Mein liebster Jesus ist verloren (My dearest Jesus is
lost), BWV 154, is a church cantata by Johann Sebastian
Bach. He composed it for the first Sunday after
Epiphany and first performed it in Leipzig on 9 January
Bach performed the cantata in his first year in Leipzig
on the First Sunday after Epiphany, on 9 January 1724.
The musicologist Alfred Dürr assumes that it was
written already in Weimar, whereas John Eliot Gardiner
shares this view only for movements 1, 4 and 7. The
prescribed readings for the Sunday were taken from the
Epistle to the Romans, speaking of the duties of a
Christian (Romans 12:1–6), and from the Gospel of Luke,
the finding in the Temple (Luke 2:41–52). The unknown
poet takes the parents' search for the lost Jesus as
the starting point to depict the general situation of
man who lost Jesus. Movements 1 and 2 lament this loss.
Movement 3 is a chorale, stanza 2 of Martin Jahn's
"Jesu, meiner Seelen Wonne", asking Jesus to return.
Movement 4 asks the same question in a personal aria.
The answer is given by the bass, the vox Christi (voice
of Christ), in the words of the Gospel "Wisset ihr
nicht, daß ich sein muß in dem, das meines Vaters ist?"
(Do you not know that I must be in that which is My
Father's? Luke 2:49). The joy of the finding is
expressed paraphrasing from the Song of Songs "The
voice of my beloved! Behold, he comes, leaping on the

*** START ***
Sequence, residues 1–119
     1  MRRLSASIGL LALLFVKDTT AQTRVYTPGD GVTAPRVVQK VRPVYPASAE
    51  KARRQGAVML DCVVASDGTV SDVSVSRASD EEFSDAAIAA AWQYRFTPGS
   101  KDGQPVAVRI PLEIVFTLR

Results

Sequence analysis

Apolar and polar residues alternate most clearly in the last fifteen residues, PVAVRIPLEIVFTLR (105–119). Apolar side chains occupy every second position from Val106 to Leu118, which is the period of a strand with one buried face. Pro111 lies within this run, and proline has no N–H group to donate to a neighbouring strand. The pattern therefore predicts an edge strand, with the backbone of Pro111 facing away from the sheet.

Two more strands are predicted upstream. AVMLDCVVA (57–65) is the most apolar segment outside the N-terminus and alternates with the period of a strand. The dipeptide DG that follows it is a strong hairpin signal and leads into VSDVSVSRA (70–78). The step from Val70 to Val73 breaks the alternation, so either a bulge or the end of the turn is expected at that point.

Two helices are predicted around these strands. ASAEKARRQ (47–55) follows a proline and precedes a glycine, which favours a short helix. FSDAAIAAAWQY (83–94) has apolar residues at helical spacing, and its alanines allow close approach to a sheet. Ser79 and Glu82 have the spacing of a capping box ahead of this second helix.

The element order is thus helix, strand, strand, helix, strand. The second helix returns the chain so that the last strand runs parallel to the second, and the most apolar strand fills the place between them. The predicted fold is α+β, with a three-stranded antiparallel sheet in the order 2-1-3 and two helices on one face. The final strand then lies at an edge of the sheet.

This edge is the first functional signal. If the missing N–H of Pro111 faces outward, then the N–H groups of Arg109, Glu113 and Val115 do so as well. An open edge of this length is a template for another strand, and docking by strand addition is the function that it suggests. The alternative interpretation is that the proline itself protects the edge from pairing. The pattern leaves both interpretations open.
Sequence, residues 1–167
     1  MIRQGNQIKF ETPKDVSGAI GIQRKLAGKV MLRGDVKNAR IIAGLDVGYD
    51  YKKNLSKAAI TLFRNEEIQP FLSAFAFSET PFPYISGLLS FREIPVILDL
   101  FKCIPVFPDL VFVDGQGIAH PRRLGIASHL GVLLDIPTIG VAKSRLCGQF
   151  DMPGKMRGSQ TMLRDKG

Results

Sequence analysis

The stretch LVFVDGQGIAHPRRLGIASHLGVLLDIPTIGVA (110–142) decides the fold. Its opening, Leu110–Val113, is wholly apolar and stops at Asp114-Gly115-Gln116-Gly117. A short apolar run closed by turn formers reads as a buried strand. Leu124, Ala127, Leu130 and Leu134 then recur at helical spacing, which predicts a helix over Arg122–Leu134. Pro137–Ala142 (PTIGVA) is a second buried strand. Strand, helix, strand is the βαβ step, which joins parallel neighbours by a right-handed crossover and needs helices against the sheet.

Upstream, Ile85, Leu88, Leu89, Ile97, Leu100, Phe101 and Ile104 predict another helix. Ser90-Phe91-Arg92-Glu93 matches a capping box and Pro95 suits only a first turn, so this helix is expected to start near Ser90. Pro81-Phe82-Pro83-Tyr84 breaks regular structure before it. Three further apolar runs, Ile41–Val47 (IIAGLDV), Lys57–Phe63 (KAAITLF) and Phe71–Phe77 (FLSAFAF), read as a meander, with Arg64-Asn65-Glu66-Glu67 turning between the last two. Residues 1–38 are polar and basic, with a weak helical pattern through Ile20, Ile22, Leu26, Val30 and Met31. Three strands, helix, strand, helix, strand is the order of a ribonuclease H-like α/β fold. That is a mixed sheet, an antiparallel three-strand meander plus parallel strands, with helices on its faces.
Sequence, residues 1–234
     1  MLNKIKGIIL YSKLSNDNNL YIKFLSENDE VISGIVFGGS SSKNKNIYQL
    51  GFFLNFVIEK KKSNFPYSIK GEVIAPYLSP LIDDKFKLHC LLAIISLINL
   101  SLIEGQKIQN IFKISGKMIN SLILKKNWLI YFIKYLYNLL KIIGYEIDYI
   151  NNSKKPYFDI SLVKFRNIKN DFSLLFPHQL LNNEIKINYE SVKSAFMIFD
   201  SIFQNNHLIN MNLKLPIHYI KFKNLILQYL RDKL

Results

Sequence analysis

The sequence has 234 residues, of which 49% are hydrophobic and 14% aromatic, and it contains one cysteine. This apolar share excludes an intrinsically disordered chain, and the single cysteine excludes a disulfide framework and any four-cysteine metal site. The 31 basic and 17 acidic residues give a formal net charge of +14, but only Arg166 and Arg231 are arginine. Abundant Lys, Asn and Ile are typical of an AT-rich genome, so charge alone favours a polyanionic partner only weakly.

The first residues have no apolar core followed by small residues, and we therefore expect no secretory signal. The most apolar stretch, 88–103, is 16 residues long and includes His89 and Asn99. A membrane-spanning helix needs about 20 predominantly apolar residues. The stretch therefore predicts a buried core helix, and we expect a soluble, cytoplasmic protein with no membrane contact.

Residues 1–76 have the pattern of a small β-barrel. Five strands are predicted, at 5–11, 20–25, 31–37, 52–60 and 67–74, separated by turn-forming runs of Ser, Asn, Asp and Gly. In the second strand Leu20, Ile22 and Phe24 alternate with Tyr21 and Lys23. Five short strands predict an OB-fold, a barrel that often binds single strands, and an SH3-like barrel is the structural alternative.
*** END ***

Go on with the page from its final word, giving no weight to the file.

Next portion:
mountains, skipping on the hills"(Song of Solomon 2:8).
The cantata ends with stanza 6 of Christian Keymann's
chorale "Meinen Jesum laß ich nicht".
In the three arias Bach sets extreme affekts to music:
desperate lament, intense longing and blissful joy. The
first aria is based on an ostinato continuo, comparable
to the opening of Weinen, Klagen, Sorgen, Zagen, BWV
12. First the violin, then the tenor perform an
expressive melody and repeat it several times. The
contrasting middle section is underlined by tremolos in
the strings in daring harmonies. John Eliot Gardiner
remarked in connection with his Bach Cantata
Pilgrimage, that on the words "O Donnerwort in meinen
Ohren" (O thunderous word in my ears), "it contains a
graphic evocation of ear drumming". The second aria is
accompanied by the two oboes d'amore and the violins
and viola in unison, without continuo. Similar to the
soprano aria Aus Liebe will mein Heiland sterben in
Bach's St Matthew Passion, the lack of foundation
portrays fragility and innocence. The joy of the
finding is expressed in a duet of alto and tenor in
homophonic vocal lines of parallel thirds and sixths.
It is in three parts, the third not a da capo of the
first, but an affirmative conclusion in a faster 3/8
Movement 3 is a four-part setting of Johann Schop's
tune "Werde munter, mein Gemüte" (1642), which became
famous as part of Herz und Mund und Tat und Leben, BWV
147, and was also used in movement 40 of the St.
Matthew Passion. The closing chorale is a four-part
setting of a 1658 tune by Andreas Hammerschmidt.
Although the work was scored for alto, tenor and bass
soloists, a four-part choir for the chorales only, two
oboes d'amore, two violins, viola, and basso continuo,
I created this arrangement for French Horn and Concert